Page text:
Developed By: Muro Studios
Published By: Muro Studios
Category: Action Platformer Puzzle
Release Date: 3.30.2018
Shadow Bug for Nintendo Switch is a charming puzzle platformer which allows the player to choose between touch- and motion-based controls. Players jump and chop their way through levels past and through traps, obstacles, and enemies in an effort to reach the goal. It’s a fairly simple setup, but complicated strategies and quick fingers are required to master it.
The game itself is very simple to play, on the surface; use the analog stick to move your shadowy ninja bug along the level and attack enemies using one of two input methods. The first, which I found by far the easiest to use, is to use the touchscreen in the Switch’s undocked mode. You simply tap on the enemy you wish to attack and Shadow Bug jump slashes it with his sword. The other is to use a detached Joycon to point at an enemy and pull the ZR button to attack when the enemy is highlighted. I had a huge problem trying to play the game this way; perhaps it’s just my own lack of dexterity, but I had a lot of trouble accurately aiming the Joycon, especially when timing was a critical part of getting past an obstacle. I didn’t feel that the targeting icon was very accurate or responsive when I needed it to move the fastest.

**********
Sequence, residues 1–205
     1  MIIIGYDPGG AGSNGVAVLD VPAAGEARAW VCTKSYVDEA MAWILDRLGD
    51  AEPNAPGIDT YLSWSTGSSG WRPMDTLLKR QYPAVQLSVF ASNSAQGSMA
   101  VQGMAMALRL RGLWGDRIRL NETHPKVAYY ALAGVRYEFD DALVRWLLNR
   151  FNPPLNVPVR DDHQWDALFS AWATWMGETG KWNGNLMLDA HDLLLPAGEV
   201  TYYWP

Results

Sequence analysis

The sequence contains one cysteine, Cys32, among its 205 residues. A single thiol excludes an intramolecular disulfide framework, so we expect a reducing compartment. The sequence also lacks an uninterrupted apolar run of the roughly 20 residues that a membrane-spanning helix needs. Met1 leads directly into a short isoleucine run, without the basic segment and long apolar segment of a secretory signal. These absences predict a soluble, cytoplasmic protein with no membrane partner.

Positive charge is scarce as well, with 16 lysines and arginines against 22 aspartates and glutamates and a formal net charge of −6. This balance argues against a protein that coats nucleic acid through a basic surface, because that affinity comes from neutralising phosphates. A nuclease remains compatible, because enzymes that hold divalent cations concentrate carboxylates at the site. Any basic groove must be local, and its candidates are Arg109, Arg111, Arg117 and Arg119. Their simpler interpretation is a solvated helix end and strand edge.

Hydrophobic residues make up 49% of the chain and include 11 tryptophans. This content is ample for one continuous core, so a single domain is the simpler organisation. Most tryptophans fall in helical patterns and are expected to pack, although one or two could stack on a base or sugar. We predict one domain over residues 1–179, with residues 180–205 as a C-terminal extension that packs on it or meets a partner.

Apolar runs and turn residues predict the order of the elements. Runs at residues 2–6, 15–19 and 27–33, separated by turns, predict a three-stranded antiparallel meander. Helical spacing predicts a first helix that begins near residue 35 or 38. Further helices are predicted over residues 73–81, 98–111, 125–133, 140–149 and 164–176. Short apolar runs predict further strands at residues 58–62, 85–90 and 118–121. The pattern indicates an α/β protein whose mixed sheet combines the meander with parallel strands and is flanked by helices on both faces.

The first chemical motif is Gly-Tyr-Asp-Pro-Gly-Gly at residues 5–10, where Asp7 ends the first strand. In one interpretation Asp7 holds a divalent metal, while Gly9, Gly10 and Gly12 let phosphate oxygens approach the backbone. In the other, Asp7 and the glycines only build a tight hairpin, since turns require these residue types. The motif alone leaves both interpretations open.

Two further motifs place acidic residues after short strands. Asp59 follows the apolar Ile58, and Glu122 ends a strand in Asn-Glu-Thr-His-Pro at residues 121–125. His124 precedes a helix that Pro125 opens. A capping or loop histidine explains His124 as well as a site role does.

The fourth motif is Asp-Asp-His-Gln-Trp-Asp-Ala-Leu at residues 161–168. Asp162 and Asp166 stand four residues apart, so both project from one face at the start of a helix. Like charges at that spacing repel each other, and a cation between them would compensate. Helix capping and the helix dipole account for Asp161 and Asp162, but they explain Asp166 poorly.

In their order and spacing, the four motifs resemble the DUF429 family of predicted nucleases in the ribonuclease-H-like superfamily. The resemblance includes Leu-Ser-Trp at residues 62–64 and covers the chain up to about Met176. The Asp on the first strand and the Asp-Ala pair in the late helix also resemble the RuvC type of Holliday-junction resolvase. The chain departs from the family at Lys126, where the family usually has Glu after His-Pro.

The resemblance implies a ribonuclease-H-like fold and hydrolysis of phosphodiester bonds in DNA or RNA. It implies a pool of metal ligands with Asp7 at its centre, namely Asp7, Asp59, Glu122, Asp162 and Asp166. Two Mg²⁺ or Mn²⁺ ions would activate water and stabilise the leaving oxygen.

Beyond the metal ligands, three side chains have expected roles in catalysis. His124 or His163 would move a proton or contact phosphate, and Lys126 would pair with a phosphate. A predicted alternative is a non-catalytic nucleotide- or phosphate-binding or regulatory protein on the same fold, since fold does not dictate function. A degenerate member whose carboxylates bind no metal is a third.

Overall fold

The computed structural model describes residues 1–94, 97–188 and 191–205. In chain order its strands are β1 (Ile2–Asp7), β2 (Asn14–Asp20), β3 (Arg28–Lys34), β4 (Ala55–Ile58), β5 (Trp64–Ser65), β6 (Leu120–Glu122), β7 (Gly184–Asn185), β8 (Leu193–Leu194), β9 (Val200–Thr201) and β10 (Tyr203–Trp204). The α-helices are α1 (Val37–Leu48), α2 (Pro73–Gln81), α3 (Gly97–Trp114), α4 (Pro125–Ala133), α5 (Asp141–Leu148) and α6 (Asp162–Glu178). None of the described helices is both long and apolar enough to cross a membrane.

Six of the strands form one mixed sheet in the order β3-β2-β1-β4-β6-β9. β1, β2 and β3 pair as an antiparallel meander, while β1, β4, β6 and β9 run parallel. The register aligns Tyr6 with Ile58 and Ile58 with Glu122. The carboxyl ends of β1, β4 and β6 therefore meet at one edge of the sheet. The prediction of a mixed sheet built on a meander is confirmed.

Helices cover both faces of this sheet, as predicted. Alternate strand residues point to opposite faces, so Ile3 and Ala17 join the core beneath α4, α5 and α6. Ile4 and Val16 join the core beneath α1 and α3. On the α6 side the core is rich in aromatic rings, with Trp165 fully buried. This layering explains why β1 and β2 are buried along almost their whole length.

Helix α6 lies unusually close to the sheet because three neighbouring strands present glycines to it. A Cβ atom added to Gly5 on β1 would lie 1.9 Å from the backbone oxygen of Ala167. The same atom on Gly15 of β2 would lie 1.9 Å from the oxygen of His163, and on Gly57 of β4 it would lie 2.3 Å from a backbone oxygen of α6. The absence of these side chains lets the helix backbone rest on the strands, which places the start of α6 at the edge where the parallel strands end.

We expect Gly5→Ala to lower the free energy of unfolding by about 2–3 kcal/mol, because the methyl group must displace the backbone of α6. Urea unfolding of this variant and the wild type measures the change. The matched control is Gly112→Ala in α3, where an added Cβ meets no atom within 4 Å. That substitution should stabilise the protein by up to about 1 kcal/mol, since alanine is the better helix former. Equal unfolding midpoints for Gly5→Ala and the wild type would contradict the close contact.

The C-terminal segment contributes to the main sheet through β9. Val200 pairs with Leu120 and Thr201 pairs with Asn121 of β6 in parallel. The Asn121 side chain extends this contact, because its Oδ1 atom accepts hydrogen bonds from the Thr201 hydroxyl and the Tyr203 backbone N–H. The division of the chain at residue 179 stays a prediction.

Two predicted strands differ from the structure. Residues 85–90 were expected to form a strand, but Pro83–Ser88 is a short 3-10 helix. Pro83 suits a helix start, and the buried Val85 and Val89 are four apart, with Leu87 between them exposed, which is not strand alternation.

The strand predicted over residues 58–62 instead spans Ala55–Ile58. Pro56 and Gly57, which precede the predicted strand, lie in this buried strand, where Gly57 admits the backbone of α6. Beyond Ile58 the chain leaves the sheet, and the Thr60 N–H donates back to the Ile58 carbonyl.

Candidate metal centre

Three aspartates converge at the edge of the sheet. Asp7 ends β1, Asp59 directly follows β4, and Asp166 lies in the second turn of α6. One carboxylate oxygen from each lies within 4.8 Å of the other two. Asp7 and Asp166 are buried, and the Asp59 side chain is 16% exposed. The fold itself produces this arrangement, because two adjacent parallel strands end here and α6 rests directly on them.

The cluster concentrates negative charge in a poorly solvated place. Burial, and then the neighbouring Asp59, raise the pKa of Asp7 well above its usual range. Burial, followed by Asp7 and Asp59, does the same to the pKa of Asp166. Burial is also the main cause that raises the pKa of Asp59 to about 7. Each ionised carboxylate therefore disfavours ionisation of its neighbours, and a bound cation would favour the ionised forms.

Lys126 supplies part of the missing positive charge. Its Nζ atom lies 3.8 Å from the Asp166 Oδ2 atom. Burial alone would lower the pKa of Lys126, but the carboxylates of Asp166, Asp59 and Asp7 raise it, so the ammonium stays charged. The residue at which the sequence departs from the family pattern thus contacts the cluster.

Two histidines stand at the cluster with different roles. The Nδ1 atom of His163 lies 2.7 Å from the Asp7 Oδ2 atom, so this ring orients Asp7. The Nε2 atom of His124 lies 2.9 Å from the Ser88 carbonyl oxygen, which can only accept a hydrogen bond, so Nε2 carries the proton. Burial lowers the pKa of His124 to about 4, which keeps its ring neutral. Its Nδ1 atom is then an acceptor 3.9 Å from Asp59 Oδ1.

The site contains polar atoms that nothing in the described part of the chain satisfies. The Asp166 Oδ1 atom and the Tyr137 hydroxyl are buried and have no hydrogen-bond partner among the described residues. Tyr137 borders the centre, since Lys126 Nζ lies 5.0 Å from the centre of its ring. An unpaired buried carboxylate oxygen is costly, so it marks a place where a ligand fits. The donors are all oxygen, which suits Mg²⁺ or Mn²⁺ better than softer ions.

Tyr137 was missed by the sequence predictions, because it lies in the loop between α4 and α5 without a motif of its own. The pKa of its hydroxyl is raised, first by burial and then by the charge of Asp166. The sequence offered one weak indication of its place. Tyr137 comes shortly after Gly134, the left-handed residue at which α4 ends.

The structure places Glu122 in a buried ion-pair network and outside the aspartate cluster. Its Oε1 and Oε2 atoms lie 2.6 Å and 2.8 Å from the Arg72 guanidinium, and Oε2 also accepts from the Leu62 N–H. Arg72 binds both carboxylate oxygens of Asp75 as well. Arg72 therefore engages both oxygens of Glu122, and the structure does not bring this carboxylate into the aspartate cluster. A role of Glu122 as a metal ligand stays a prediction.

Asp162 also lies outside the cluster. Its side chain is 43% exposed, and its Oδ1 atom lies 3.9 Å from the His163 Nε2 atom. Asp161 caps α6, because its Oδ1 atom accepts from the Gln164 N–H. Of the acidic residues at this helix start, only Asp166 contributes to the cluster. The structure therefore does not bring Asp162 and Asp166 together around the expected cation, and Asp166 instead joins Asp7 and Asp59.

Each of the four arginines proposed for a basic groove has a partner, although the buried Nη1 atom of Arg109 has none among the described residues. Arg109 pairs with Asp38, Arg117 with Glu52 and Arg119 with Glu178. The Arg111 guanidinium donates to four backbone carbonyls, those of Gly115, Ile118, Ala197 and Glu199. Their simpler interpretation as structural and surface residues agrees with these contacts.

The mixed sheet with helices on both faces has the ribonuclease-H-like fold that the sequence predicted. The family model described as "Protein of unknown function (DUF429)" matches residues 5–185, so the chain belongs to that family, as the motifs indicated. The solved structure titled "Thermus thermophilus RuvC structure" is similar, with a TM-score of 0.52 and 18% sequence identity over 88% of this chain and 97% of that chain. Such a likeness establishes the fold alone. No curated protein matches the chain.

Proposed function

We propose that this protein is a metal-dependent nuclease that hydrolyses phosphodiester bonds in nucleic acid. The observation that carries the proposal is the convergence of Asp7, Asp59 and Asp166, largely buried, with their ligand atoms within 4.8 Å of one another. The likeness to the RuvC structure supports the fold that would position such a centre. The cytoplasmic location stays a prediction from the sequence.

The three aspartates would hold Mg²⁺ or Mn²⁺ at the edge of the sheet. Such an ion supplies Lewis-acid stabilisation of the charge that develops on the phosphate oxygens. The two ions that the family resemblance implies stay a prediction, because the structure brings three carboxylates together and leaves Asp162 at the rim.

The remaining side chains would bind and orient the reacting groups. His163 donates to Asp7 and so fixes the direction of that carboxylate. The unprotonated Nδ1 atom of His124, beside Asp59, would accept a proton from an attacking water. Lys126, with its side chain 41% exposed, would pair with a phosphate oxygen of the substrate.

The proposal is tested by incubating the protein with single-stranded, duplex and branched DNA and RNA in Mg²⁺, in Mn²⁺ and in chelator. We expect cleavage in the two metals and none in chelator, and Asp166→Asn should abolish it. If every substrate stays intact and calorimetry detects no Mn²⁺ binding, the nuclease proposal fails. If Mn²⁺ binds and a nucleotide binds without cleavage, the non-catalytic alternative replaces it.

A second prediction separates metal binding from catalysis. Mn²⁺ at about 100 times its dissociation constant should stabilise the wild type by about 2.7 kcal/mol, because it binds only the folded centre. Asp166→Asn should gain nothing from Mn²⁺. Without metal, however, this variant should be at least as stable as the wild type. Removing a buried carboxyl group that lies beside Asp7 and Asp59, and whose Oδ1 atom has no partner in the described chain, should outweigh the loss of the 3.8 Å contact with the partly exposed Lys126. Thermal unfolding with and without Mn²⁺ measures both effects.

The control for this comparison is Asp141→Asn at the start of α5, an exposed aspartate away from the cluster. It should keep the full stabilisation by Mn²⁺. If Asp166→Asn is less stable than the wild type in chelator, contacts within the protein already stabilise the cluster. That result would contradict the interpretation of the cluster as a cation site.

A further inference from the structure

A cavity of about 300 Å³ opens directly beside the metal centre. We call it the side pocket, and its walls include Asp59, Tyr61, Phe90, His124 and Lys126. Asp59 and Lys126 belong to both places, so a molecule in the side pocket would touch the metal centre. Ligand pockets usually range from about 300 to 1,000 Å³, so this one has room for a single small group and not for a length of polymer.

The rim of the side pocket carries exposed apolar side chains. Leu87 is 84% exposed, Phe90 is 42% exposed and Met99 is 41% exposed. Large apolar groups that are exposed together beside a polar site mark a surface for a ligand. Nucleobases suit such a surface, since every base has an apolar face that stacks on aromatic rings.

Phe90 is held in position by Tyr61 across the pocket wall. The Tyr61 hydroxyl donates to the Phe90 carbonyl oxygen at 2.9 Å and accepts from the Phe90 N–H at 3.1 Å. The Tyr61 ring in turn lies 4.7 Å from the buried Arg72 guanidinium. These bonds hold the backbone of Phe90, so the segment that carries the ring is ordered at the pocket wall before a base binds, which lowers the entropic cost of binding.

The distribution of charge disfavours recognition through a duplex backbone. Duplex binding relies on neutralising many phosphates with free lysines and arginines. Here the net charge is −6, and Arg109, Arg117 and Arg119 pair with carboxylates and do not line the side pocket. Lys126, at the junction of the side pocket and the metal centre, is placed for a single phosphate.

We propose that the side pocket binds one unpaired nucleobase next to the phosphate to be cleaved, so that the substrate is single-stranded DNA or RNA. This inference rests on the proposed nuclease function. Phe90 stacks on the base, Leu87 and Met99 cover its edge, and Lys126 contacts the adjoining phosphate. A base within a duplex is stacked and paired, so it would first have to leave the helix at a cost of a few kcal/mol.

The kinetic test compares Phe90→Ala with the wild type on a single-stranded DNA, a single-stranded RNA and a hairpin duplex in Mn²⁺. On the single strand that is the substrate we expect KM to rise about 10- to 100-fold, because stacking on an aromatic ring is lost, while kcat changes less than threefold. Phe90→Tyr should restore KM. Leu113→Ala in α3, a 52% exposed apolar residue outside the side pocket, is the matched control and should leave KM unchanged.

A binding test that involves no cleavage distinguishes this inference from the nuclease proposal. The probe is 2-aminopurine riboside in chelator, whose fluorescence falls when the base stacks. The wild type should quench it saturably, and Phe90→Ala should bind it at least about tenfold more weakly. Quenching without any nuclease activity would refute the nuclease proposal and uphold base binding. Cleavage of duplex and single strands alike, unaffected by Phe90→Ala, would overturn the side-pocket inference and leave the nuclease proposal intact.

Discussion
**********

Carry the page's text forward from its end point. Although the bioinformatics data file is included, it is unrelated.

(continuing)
The puzzles themselves often had very simple solutions to figure out; it was simply a matter of executing the actions needed to get past them. Most levels consist of slashing from enemy to enemy, making sure not to fall on traps such as spikes, spinning buzzsaws, or swinging blades. Once I had recognized the patterns to these traps’ movements, it was simple enough to figure out which enemies to hit in which order to complete the level. Some levels required a much higher level of analysis to figure out, but all-in-all the puzzles were the easy part and the execution of the solutions proved much more problematic. It’s one thing to recognize when to strike, it’s another thing entirely to be able to move your fingers fast enough to hit your marks at the right time.